I drop the salmon wiggling in my hands and run along the bank of the Mokelumne River, propelling my long, hairy arms for speed. Behind me, the hunters move carefully through the dense underbrush, tracking my movements.
Sharp green thorns snag on my hair and tear at my flesh as I struggle through the blackberry briars and wild grapevines. I hike deeper into the wilderness on two strong legs, climbing skillfully around granite boulders barring my way. In the distance, the jagged outline of Deadwood Peak rises above the trees. If I can only get there, I will be safe.
Rounding a bend I see her, tearing meat from a rabbit carcass with big, sharp teeth. Mama! Her shaggy brown head turns in my direction. With a low growl, she opens her long, hairy arms as if to embrace me.
And then she smells it, the distinct odor of musky sweat. The hunters are near!
We run, ignoring the stones piercing our feet, causing us to stumble. Behind us, the humans call back and forth, “Bigfoot!”
Together, we melt into the shade of a thick stand of pines, hoping to slow down and catch our breath. But our feet become tangled in nets concealed by pine needles, and suddenly, we are swinging up, up into the air, and dangling from the limbs of a sturdy pine tree.
Mama struggles inside her net, growling with rage. I struggle, too, yelping helplessly as the net swings back and forth above the hard ground.
“We’ve got them now,” says a bearded hunter to his companions. “Bigfoot! That TV show, Monster Search, will pay us big bucks for these babies.”
“We’ll be famous,” cries a husky hunter with red hair. “Scientists won’t laugh at us anymore. Finally! Proof that Bigfoot exists!”
“How are we going to get them back to San Francisco?” asks an old man with spectacles. “I mean, we weren’t really expecting to find anything.”
The bearded hunter pulls out his camera. “I’m taking plenty of pictures, just in case something goes wrong. They can’t call it a hoax this time!”
While the camera clicks and the three men argue over the best way to get us back to the city, I turn my head from view and gnaw on the net’s thick webbing with my teeth. Pretty soon I’ve made a small opening, large enough to stick my fingers through. I wiggle them at Mama, and she understands what to do.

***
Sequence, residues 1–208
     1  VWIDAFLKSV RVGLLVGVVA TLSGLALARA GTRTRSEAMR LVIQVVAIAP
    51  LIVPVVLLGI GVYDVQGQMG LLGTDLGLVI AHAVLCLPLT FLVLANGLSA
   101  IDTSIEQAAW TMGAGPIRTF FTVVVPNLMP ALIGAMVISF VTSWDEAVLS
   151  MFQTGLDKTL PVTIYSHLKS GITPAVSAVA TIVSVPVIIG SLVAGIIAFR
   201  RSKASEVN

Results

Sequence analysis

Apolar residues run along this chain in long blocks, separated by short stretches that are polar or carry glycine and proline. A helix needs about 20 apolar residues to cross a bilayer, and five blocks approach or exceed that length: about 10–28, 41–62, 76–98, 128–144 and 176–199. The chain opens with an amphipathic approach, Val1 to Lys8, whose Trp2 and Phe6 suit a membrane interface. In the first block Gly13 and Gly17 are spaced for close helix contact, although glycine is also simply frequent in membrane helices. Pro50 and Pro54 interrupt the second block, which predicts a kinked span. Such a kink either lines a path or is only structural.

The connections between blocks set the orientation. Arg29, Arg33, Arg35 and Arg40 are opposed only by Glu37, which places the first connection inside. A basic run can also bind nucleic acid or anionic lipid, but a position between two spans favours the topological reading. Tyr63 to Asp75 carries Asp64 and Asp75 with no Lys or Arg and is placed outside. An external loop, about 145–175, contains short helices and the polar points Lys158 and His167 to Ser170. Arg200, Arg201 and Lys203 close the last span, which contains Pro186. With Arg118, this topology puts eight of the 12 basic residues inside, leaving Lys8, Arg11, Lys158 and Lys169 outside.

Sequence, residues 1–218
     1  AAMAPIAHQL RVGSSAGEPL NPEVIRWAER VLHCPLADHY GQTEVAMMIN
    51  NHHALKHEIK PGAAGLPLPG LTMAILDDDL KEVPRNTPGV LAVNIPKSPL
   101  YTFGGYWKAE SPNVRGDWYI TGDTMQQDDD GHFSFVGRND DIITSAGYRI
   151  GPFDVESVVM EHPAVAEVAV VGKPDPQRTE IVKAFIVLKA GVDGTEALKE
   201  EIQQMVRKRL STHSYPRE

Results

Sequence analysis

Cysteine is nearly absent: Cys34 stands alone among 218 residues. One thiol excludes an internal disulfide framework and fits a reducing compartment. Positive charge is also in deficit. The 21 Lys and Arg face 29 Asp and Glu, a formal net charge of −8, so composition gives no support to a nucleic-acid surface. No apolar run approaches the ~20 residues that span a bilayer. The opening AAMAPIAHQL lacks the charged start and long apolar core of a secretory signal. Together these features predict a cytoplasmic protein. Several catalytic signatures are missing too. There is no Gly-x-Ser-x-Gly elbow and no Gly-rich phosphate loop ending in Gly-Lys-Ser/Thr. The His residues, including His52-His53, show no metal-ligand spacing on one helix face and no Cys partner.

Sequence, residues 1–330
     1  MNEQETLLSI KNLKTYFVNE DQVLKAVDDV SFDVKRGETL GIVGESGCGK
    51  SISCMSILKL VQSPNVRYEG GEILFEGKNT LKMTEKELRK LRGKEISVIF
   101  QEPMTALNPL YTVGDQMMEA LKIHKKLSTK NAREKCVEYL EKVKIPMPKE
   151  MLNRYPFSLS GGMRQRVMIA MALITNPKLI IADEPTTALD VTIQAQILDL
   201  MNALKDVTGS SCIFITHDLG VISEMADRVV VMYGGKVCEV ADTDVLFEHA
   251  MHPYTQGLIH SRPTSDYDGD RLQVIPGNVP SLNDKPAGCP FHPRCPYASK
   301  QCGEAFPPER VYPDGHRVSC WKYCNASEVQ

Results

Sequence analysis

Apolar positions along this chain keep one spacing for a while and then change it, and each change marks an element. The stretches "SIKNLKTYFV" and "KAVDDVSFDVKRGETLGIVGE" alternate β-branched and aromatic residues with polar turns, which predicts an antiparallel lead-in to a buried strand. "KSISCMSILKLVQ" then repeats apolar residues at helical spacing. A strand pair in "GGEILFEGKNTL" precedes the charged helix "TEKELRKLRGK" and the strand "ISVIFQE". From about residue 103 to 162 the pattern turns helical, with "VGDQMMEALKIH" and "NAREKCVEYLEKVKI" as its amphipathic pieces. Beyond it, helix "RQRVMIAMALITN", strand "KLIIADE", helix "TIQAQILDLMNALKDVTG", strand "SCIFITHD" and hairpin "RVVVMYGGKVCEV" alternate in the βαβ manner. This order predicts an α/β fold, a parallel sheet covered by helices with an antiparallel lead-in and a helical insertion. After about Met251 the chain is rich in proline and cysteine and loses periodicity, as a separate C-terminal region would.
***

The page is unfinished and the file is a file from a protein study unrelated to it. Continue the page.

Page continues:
The red-haired hunter chuckles as he pokes me in the back with a long stick. I give him a warning growl, but he keeps it up. My powerful jaws chew faster on the netting.
“We need some of that fur,” says the old man with spectacles. “We can send it to a lab for analysis.”
“Good idea!” says the red-haired hunter. “Then, if they get away, we’ll still have proof.”
The three men stand under the nets, looking up at our shaggy brown bodies hanging in the air. Suddenly the nets give way, and Mama and I find ourselves lying on top of the three men on the ground.
We howl victory cries and scramble to our feet. The men, tangled in the nets, shout curses at us as we run away.
The Miwok Indians tell stories about us — great hairy beasts roaming these desolate mountains. They fear us and protect our sacred habitat on Deadwood Peak. We are going there now, secure in the knowledge that we cannot be followed. Men from the city will continue to hunt us. But, with help from the Miwoks, they will never find us. And we will never let them capture us alive.
©2014 Dawn Pisturino. All Rights Reserved.
BIO: Dawn Pisturino’s poems, limericks, short stories, and articles have appeared in/on Danse Macabre du Jour, Brooklyn Voice, Underneath the Juniper Tree, Working Writer, and several newspapers and anthologies. She currently resides in Arizona.
Please visit my website: http://www.dawnpisturino.org